The Enumclaw School Board will review slight changes in its director district boundaries, host a public hearing at its July 25 meeting and vote on the proposal at its Aug. 15 meeting.
The timeline was set at the board’s June 20 meeting, but at that time the board had also directed Superintendent Mike Nelson to explore the possibility of creating different director boundaries, with an emphasis on splitting the core of Black Diamond.
The request came after Tim Nickson, the district director who represents Black Diamond, expressed concern the potential for growth in the city where he lives would be too much for one director to handle.
“We all represent Enumclaw and Black Diamond no matter where we live,” Board President Chris VanHoof reminded members, but also admitted board members could do a better job of crossing the Green River and spending time in Black Diamond.
The topic was broached during discussion regarding slight changes in the district’s directorship boundaries, a process that occurs hand-in-hand every 10 years with the U.S. census.
Sammamish Data Systems worked with census numbers to set up maps to even the population base for each directorship. The plan is to keep each of the five areas with a population of approximately 5,000. Slight adjustments are proposed to more evenly distribute the areas between Corey Cassell’s District 3 and Nickson’s District 4.
“Redistricting law has been clear on what we can and cannot use for parameters for redrawing when it comes to future growth,” responded Sammamish Data Systems. “We cannot take that into consideration when it comes to the population used for setting of the boundaries.
“Even if population of Black Diamond explodes, the counts used to redraw the limits still has to be the census data from the most recent census. One could argue, at that point in time, once the population is there, that the deviations of each district be pushed to a greater amount in the districts to move the first out of Enumclaw and bring it in to Black Diamond but this would be years down the road and if the need for more representation develops.”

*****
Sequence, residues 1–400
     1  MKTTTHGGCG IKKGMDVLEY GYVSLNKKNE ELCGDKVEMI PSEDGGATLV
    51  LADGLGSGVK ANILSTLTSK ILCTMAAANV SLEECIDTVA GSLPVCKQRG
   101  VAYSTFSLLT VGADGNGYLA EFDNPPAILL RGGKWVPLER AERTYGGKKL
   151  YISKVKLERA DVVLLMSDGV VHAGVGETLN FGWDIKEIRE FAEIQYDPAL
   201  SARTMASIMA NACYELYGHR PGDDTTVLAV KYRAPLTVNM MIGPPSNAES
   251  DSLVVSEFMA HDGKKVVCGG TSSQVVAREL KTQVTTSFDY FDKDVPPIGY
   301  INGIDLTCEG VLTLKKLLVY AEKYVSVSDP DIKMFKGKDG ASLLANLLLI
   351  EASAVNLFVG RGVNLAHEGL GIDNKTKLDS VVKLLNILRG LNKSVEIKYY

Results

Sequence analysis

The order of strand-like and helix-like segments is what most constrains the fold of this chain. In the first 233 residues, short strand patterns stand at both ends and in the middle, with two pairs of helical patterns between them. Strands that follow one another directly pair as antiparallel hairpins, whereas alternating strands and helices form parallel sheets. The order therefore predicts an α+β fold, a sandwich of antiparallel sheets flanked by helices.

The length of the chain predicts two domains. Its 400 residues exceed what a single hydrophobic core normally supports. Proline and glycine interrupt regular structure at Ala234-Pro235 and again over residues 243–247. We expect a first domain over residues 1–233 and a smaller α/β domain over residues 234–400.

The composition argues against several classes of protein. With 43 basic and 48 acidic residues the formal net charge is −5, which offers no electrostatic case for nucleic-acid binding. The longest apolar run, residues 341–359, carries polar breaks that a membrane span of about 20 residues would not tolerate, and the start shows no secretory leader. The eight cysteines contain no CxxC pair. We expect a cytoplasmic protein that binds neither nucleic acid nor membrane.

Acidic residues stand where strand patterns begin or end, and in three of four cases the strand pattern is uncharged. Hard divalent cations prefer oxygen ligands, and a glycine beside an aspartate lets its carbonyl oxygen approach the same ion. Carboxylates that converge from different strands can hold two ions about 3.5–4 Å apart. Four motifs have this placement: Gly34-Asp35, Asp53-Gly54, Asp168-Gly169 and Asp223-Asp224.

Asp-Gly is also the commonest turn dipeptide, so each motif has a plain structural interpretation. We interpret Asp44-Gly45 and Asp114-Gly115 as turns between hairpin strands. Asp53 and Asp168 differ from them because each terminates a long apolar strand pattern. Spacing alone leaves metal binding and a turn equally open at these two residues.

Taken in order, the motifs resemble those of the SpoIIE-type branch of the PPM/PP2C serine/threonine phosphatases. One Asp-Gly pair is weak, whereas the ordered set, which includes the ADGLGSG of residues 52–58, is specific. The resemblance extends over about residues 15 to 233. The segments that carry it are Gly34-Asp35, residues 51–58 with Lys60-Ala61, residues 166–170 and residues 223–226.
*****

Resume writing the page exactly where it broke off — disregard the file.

Nickson covers the area west of state Route 169 to Black Diamond and the Westwood Elementary area. Cassell covers Southeast 416th Street from the cemetery down 236th Avenue Southeast and the north part of the city of Enumclaw.
Nelson noted the boundaries are established based on the current population, not on projected growth. Black Diamond has two proposed Master Plan Developments on the books expected to bring 6,000 homes to the area, but there has been no movement to begin building; with the current economy, no one can pinpoint the exact time that growth would occur.
Enumclaw has projected growth in its city limits as well.
“I don’t want to spend a lot of time on it until growth happens,” VanHoof said.
Nickson’s proposal to split the two areas along SR 169 would not create an additional seat on the board or ensure voters would select a candidate who lives in Black Diamond for either of the two seats that would then represent that area. Drastic changes in the boundaries could also leave out current directors.
The board recently lost Tamarah Hancock when it was discovered her residence sits just outside the boundary for her directorship. April Schroeder has been appointed to now serve District 2, which covers a small area in Enumclaw bordered by Griffin and Roosevelt avenues and Semanski and Porter streets, plus the area east of state Route 410 to Mud Mountain.
Hancock’s residence location placed her in Nancy Merrill’s District 1, which covers the Veazie area between state Routes 169 and 410 all the way to Selleck and Crystal Mountain.
VanHoof covers the section of Enumclaw that includes the neighborhoods near Sunrise and Southwood elementaries, the Enumclaw middle and high school and the Osceloa area.